Monday, 23 May 2016

The First Great Debate!

Wow! What an intense night.  It was a blast! I loved starting the class of with a good ol' round of collegial debates.  I am very happy with the team work atmosphere from Erin and Jeremy, they were amazing to work with and made the process smooth.  Each of us brought our strengths and confidences to the collaboration and we pulled out the W for the night!  


I loved that we stared off our debate supporting how technology enhances learning within the classroom with our own slice of blended learning from the video that we... (Jeremy, that type of thing takes some serious time) put together.  


Through this process I found what worked best was using technology to help aid each other in finding ways to enhance our arguments through utilizing a shared document that each of us added to on an ongoing basis throughout the week.  We did have a chance to sit down and meet about how we wanted to create our opening statement and attack the rebuttal/conclusion, but this easily could have been done via Skype/Zoom and we could have been on the opposite sides of the planet which is amazing.  

In any good debate we felt it necessary to not only focus on what our side wanted to argue but also to figure out what the opposite side was going to come at us with.  

Our arguments were supposed to be simple in the fact that the tools that are now available give an opportunity to: 
1- Increasing student engagement through appropriate media/tools
2- Increased collaboration (between teacher and students, between peers, and connect globally with others)
3 - Aid students with learning difficulties such as LD and EAL learners
4 - Breaks down geographical barriers (distance learning for individuals from remote communities)
5 - Aid in individualized learning programs
6 - Provides opportunities for individuals who are uncomfortable sharing face-to-face
7 - Supporting the students to be creators of knowledge not only lecture style learners, which is a paradigm shift from read-only structure to read-write style of learning
8 - Utilizing up to date knowledge coming from open source resources implying students are able to learn from the most recent and up to date information 
9 - Teaching students to create a positive/beneficial digital presence 

We knew that Steve, Kayla and Chalyn were going to give it their all and come after us with some very strong points.  I feel they did an amazing job in a very difficult situation given that all of us taking this course obviously have a bias towards digital literacy and are openly looking for ways to increase our digital footprint within our respective classrooms.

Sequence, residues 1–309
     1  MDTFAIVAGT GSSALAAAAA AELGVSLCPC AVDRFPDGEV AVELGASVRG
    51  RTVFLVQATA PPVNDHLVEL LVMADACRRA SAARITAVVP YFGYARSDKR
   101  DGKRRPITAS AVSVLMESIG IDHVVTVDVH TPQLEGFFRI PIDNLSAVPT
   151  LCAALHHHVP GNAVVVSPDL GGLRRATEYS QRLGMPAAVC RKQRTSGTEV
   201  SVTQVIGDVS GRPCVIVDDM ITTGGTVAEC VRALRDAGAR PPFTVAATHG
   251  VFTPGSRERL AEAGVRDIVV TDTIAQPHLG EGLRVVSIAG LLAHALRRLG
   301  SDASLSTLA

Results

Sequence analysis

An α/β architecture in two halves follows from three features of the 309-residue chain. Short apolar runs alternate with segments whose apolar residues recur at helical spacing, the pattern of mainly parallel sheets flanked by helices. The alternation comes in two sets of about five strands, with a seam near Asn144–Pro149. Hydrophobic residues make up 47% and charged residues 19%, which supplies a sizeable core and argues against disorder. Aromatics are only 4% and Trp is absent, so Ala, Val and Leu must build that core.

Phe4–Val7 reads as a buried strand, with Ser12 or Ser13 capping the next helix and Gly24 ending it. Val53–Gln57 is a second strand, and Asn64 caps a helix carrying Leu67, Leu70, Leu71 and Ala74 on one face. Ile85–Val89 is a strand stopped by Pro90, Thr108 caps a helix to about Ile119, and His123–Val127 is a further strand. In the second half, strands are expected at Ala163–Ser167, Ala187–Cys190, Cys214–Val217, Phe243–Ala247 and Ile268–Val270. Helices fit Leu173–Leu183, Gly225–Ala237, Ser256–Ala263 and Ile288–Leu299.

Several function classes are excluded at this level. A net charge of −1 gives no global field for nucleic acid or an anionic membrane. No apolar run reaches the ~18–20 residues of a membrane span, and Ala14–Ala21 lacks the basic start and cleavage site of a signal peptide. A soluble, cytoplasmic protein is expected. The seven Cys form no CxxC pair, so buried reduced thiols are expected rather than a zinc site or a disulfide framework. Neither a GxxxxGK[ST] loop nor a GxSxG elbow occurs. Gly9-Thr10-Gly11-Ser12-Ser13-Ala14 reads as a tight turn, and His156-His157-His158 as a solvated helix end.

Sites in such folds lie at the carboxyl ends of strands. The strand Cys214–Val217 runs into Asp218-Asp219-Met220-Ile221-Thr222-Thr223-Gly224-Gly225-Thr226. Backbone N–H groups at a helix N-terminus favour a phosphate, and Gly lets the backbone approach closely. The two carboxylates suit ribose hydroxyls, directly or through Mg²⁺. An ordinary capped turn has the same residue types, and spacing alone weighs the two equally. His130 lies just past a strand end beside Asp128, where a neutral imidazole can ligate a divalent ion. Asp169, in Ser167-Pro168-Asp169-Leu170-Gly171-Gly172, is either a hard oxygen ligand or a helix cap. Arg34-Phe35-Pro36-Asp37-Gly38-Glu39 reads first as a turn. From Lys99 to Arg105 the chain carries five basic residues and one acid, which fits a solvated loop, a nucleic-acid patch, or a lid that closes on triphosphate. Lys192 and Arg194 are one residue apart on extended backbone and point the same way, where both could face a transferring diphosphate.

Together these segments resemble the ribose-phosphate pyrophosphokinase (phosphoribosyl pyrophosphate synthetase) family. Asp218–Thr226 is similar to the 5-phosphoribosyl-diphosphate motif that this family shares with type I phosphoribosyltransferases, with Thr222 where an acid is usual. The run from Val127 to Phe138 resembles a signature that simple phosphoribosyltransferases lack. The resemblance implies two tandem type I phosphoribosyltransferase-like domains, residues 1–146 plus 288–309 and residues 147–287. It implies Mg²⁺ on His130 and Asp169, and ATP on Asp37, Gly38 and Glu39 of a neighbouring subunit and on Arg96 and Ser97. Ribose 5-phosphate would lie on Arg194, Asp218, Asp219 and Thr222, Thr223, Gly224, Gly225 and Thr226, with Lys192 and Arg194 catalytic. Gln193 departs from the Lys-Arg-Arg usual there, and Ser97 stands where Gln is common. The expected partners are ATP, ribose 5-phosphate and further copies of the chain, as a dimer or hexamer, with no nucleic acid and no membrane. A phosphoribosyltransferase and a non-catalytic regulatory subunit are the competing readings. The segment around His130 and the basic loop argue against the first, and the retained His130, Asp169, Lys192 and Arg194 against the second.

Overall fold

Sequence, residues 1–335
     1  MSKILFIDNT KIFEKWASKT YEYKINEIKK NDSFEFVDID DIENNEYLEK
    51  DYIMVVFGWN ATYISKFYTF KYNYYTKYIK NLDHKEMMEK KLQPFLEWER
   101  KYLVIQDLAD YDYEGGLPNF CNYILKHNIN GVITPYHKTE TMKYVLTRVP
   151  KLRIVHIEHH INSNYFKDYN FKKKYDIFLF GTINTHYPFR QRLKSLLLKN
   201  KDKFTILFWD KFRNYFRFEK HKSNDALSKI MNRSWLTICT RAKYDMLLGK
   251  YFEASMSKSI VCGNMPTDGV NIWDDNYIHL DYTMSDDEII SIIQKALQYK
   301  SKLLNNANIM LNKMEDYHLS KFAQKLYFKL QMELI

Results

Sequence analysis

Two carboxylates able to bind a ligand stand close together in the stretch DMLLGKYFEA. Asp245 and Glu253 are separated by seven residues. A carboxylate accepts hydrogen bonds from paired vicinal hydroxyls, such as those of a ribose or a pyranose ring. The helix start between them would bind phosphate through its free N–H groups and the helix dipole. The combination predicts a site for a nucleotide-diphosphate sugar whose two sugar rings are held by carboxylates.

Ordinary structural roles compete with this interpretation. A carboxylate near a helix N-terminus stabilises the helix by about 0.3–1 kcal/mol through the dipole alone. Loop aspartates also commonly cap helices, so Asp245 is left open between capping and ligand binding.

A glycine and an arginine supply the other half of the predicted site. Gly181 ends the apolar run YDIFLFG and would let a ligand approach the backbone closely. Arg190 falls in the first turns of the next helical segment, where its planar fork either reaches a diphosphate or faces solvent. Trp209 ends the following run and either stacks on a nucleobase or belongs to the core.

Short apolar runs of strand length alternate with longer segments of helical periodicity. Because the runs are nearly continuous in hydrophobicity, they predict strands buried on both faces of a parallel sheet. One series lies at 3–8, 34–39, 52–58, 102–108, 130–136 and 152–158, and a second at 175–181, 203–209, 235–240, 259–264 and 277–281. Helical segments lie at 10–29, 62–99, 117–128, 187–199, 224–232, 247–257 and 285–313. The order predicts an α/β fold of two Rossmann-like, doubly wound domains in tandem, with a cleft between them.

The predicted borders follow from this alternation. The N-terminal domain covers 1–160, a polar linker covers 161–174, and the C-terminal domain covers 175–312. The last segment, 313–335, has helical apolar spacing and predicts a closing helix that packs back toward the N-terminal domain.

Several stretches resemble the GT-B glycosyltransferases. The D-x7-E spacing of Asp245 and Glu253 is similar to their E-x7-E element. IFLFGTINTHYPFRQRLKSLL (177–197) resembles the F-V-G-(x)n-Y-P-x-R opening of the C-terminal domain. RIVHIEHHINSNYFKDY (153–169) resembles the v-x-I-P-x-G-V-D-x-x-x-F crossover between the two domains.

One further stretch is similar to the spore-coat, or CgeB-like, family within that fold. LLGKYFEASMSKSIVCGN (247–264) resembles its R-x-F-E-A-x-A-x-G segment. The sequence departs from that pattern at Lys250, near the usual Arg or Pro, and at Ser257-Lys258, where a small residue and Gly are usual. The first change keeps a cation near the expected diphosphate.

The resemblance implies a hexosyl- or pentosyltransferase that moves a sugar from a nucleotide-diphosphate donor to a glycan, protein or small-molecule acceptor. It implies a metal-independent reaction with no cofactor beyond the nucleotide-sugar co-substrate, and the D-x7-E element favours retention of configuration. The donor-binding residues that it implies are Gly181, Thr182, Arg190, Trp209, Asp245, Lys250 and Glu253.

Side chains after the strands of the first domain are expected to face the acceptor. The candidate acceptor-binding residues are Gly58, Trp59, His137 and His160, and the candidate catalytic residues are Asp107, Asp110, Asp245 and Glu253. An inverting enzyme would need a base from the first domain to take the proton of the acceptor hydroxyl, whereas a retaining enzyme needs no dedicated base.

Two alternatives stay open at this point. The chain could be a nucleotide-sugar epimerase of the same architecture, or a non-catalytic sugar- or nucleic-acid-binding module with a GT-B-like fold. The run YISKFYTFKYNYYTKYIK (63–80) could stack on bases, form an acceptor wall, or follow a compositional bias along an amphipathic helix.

We knew that they would be coming after us on a few points.
1 - Financial side of technology 
2 - Distraction within the classroom
3 - Multitasking
4 - Replacing teachers with technology
5 - Infrastructure 

What shocked me were their numbers and efficiency of how they were able to manipulate and demonstrate their knowledge of our own city and what the boards are spending their money on.  Before I had a chance I had a text from Jeremy stating that they way Kayla ran the numbers and proving that the amount Regina Public Schools spends on tech they could be employing between 70-100 more teachers was a HUGE point!  Along with Steve's comments about training and how teachers are expected to utilize technology with very little training.  I see this every day within my own collaboration team.  I am the constant go to for some people and I feel that most of the time it is a learning curve that many people simply do not want to work to overcome, due to whatever reason.  

When breaking down each argument and looking at others posts I really enjoyed Ian Temples comment on comparing himself and the SAMR model.  He effectively demonstrates the struggle that I have gone through trying to introduce technology into my classroom, through citing Doris Wells-Papanek's article The Purposeful Integration of 'Technology' into Teaching and Learning Best Practiceswhether it be in an impoverished community or an affluent one you need to be utilizing strong teaching practices if you want the learning to be meaningful.  

Which in my mind only reinforces the concept, that good teachers will do what it takes to captivate their students and find ways to develop the learning for each one.  

 Credit Wist.com Einstien Knowledge

When we were preparing arguments for how we would refute the financial cost of technology I wanted to discuss capitalism and what is wrong with utilizing outside funding/partnership with private companies to enhance the learning environments.  I think about schools in Germany that are funded by BMW or Mercedes and these students there are working on the most up to date technology and learning how to run the machines, design the different parts, or develop software for these different companies.  What is wrong with that avenue of funding to help give every student the opportunity to learn with the best technology.  

This also leads me to think of Regina Public Schools Campus Regina and how they are partnered with different Crowns such as SaskPower/SaskTel or private business' such as Fries Tallman Lumber or Capital Auto Mall.  Why are we not using more of these opportunities within our school systems to help cover the costs? 

What is wrong with capitalism and partnering with private companies and education?  If there is a lack of funding from the government why not look for outside sources of revenue?